Friday, October 4, 2013

The way we live.

Somewhere in my twenties, I visited the Dachau Concentration Camp Museum, near Munich. It was only then that the true horror of this period in history became painfully clear to me.
Although what happened there was hideous - and I remember feeling nauseated, what finally made me break down and weep was the full wall of photographs of the survivors, on the day that they were finally set free. The emaciation, the look in their eyes.

It has happened in the past that I have worked on historical dramas where we have had to do research on the war and dress Nazi offices, or U-Boats. You are surrounded by the colours, the flags, the swastika, the SS logos. It is not something I can get used to and it feels... forbidden, uncomfortable.

Yesterday we went to see a collector about using some of his memorabilia as props and dressing on our current project. In the corridor, a tall woman with a fine paintbrush was doing a trompe l'oeil mural of exposed brickwork and distressed plaster.
The collector received us in his outer office, where there is a considerable amount of Boer War memorabilia - paintings, documents, uniforms and weapons. I found this interesting.

We then started talking about the items we needed to dress a Nazi Colonel's office. I noticed that the collector was wearing a silver SS death head ring on his slim, tanned middle finger.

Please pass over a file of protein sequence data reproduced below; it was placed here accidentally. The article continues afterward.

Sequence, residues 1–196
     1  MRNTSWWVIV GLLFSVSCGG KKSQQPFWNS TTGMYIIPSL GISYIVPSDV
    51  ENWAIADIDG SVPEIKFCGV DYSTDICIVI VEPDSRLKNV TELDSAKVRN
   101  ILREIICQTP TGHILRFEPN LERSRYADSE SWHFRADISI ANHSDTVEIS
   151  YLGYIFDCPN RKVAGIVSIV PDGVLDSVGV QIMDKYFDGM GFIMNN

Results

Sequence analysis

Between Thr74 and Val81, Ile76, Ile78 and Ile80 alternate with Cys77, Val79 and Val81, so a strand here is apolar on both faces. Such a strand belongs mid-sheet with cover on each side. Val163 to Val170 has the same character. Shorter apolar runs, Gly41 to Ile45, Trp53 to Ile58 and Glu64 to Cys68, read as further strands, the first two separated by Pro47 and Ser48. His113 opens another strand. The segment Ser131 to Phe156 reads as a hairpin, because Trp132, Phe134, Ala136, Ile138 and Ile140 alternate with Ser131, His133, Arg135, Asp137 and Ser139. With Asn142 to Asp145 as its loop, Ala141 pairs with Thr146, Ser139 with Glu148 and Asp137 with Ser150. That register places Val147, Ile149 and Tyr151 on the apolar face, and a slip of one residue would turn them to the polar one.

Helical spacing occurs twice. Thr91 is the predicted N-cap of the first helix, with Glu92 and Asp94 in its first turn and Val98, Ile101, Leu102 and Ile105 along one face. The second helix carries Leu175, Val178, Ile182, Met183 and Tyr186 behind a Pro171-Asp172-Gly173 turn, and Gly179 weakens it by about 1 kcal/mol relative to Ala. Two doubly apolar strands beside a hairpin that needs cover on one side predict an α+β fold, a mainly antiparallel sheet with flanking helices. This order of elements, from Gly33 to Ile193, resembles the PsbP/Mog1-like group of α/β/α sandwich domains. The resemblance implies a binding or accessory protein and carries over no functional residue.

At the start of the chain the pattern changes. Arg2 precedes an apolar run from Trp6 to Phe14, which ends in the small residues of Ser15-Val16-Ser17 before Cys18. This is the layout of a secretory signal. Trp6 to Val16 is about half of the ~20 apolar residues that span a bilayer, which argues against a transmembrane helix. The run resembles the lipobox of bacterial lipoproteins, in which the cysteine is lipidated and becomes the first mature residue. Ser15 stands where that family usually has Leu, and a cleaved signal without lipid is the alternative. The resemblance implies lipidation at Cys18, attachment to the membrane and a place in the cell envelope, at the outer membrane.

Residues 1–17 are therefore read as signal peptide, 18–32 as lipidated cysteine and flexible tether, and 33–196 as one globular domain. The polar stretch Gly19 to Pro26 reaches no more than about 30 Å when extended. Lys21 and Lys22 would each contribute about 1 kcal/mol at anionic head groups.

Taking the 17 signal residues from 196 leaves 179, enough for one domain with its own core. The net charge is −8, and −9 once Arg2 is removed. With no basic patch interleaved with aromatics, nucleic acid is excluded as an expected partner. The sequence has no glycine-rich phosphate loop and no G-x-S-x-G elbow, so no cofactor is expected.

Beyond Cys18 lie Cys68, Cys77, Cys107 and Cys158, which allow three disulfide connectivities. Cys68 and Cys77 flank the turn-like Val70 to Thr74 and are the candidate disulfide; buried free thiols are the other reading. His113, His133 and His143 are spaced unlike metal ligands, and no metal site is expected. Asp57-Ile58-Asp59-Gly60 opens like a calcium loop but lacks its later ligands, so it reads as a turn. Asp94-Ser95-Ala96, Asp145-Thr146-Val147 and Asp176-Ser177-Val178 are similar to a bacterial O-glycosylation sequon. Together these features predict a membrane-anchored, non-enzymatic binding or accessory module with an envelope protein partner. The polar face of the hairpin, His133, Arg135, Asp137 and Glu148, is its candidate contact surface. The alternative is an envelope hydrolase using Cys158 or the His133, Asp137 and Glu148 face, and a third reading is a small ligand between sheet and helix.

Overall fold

Tall, suave, a smooth talker. Son of a Dutch Reformed minister. He led us into his inner sanctum, where a large, spot-lit oil portrait of Adolph Hitler presides over his desk. A bronze bust of that man atop a filing cabinet. The deco armchairs, he assures us, are from the Führer's apartment in Vienna. He has sixteen different copies of Mein Kampf. The SS typewriter's s-key reads SS.
"No photographs please", he says with a smile. He chain smokes, holding his cigarette in the underhanded way of a soldier at war.
There are cases filled with medals and weapons. The walls are adorned with portraits and flags. Also, stacked against the wall: portraits of nude, sculpted women.

He lets his hand linger on my shoulder blade when he motions for me to pass.

I think I will make do with what I can rent from the prop houses.

A German evening bag from the 1930's. I found it in Simonstown, at an antique shop. Beautiful at first glance, but hidden amongst the roses...


Rosie said...

Wow. So many scary things lingering in dark corners.

I would have been ready to bolt by the time I saw the portrait.

Marie said...

Ugh. How bizarre that these people exist.

tanjawilmot said...

Ugh. Good to write about it though, get some air into the thing. Megh.